The national flag of the ZAR featured three horizontal stripes of red, white, and blue (mirroring the Dutch national flag), with a vertical green stripe at the hoist, and was known as the Vierkleur (lit. four colours). The former national flag of South Africa (from 1927 to 1994) had, as part of a feature contained within its central white bar, a horizontal flag of the Transvaal Republic (ZAR).

See also[edit]


  1. ^ Alexander Mackay (1870). Manual of modern geography, mathematical, physical, and political. p. 484. 
  2. ^ Tamarkin (1996). Cecil Rhodes and the Cape Afrikaners. pp. 249–250. 
  3. ^ a b c d e f g h i j k l m n Eybers (1917). Select_constitutional_documents_illustrating_South_African_history_1795-1910. pp. 455–463.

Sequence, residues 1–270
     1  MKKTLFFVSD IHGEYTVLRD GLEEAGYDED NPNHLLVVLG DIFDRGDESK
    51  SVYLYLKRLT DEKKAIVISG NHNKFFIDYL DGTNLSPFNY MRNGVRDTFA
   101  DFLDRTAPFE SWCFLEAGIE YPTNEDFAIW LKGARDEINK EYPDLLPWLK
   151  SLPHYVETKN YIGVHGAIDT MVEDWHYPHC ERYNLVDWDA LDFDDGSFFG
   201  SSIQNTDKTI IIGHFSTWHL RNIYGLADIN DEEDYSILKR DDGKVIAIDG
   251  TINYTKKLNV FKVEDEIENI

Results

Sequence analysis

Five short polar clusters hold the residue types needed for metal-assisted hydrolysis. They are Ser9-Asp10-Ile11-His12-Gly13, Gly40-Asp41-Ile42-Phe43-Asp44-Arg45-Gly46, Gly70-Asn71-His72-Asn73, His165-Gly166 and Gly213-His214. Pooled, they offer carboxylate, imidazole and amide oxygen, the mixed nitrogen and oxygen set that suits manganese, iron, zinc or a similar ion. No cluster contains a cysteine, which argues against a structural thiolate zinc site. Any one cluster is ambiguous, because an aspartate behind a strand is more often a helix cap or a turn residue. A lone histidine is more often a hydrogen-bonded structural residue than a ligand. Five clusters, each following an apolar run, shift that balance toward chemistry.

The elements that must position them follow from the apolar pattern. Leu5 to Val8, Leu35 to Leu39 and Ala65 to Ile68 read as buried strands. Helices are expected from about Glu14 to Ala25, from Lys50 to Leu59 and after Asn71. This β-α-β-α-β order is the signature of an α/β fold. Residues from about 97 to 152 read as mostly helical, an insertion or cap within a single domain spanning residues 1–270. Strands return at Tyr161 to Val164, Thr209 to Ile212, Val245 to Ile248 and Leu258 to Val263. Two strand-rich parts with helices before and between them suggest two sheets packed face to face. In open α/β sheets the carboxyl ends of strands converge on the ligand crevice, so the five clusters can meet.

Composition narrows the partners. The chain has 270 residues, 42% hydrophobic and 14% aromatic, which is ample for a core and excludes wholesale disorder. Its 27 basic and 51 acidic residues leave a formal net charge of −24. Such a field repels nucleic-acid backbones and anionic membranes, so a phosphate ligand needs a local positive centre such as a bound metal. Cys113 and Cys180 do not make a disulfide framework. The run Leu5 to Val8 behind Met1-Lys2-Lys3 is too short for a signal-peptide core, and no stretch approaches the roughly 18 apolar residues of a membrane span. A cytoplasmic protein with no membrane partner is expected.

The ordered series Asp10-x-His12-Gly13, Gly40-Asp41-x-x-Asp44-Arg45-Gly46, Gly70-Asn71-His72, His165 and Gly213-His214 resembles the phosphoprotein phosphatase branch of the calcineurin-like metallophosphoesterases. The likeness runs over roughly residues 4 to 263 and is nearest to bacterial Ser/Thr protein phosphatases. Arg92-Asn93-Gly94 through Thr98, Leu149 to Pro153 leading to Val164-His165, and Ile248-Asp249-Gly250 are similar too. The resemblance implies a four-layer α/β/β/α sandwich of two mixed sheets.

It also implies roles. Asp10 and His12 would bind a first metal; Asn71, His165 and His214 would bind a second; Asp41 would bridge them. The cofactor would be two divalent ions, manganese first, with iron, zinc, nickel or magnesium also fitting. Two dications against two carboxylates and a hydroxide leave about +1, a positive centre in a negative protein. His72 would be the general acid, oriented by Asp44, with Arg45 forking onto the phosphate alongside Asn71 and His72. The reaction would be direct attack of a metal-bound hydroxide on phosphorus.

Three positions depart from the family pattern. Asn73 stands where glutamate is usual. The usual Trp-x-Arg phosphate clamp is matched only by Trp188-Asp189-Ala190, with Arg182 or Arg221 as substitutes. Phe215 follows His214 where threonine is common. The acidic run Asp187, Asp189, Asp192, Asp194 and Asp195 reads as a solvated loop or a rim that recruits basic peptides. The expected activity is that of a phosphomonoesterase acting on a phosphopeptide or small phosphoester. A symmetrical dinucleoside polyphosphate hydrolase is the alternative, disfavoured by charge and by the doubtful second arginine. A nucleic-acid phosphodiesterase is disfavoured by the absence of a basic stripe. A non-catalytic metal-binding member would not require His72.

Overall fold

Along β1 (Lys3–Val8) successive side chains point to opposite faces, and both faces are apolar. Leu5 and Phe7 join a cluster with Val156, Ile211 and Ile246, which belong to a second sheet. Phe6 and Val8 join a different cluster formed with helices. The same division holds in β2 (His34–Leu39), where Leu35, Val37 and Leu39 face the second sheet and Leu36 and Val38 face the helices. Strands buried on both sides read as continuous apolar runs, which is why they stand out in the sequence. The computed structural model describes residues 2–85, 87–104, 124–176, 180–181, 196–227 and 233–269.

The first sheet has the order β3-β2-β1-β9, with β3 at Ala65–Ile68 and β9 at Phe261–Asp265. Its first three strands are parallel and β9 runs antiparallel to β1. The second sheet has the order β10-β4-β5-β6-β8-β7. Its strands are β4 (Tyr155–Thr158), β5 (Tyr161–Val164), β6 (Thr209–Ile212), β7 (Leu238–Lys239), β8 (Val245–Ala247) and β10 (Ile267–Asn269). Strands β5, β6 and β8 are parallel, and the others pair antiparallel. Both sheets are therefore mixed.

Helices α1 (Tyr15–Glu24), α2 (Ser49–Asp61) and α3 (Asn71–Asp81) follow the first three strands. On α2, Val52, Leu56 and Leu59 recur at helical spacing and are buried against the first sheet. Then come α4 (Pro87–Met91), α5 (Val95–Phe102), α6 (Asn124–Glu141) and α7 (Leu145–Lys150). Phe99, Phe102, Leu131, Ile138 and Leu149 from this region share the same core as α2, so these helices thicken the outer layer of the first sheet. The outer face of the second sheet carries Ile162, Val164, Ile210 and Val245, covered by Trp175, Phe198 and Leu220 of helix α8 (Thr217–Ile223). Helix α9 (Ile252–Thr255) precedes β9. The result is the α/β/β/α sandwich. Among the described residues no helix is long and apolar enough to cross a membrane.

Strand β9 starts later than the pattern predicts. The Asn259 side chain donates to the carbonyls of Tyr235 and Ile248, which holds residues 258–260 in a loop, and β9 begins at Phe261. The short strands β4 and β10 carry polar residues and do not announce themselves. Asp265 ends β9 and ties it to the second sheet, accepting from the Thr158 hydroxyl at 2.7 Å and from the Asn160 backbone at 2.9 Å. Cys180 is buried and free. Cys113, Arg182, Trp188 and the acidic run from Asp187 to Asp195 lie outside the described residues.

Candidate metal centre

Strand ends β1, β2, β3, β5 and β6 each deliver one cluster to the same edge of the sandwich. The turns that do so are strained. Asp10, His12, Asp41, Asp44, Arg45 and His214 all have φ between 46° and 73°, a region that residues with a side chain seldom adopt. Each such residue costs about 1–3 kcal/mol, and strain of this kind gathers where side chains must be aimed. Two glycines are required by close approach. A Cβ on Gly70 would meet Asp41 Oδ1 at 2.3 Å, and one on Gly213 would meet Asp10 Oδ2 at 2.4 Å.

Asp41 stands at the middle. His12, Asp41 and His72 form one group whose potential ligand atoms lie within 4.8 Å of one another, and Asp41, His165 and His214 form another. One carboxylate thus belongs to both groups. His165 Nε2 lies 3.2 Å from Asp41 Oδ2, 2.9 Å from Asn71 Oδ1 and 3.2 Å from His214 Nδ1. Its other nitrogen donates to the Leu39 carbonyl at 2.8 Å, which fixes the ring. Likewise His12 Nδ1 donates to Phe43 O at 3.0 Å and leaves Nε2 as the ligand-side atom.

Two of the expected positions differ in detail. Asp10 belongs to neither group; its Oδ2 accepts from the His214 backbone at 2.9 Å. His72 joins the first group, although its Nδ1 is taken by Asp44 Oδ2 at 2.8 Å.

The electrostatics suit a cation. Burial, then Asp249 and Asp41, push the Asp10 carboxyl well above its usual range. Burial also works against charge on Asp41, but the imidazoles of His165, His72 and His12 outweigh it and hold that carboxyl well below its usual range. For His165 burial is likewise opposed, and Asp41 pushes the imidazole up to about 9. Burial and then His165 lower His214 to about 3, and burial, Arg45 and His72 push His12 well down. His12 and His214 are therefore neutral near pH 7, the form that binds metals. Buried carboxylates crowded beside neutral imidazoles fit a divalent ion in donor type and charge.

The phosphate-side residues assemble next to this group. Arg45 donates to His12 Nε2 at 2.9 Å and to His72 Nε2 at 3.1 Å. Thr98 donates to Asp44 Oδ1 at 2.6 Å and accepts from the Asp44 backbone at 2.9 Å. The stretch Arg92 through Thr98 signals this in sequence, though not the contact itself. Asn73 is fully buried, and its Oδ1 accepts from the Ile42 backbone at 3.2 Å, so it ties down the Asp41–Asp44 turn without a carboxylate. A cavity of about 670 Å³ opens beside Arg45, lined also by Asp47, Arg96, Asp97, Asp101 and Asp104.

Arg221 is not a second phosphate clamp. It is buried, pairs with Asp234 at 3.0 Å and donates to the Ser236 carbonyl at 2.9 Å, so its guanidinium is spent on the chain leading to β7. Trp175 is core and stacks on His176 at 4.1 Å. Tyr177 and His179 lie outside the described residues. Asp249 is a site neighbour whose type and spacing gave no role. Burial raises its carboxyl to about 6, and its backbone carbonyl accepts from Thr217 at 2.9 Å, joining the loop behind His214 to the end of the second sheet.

4. ^ Irish University Press Series: British Parliamentary Papers Colonies Africa, (BPPCA Transvaal Vol 37 (1971) No 41 at 267)
  5. ^ Entry: South African Law Review1954. Butterworth's South African Law Review, 1954
  6. ^ "Origin of the Anglo-Boer War Revealed – C. H. Thomas (originally published in 1899 by Hodder & Stoughton)". 
  7. ^ (Law articles 1017/1025 dd. 13 Juli 1888 & article 1026/1027, dd. 14 Juli 1888 & article 1030, dd. 16 Juli 1888)
  8. ^ Kachru, Braj; Kachru, Yamuna; Nelson, Cecil (2009). The Handbook of World Englishes. John Wiley & Sons. pp. 160–161. ISBN 1405188316. 
  9. ^ a b De Villiers, John (1896). The Transvaal. London: Chatto & Windus. p. 14. 
  10. ^ a b "HOBHOUSE E - THE BRUNT OF THE WAR - METHUEN & CO (1902)". 
  11. ^ Totten, Samuel; Bartrop, Paul R. (2008). "Concentration Camps, South African War". Dictionary of Genocide. Westport, CT: Greenwood Press. pp. 84–85. ISBN 9780313346415. 

External links[edit]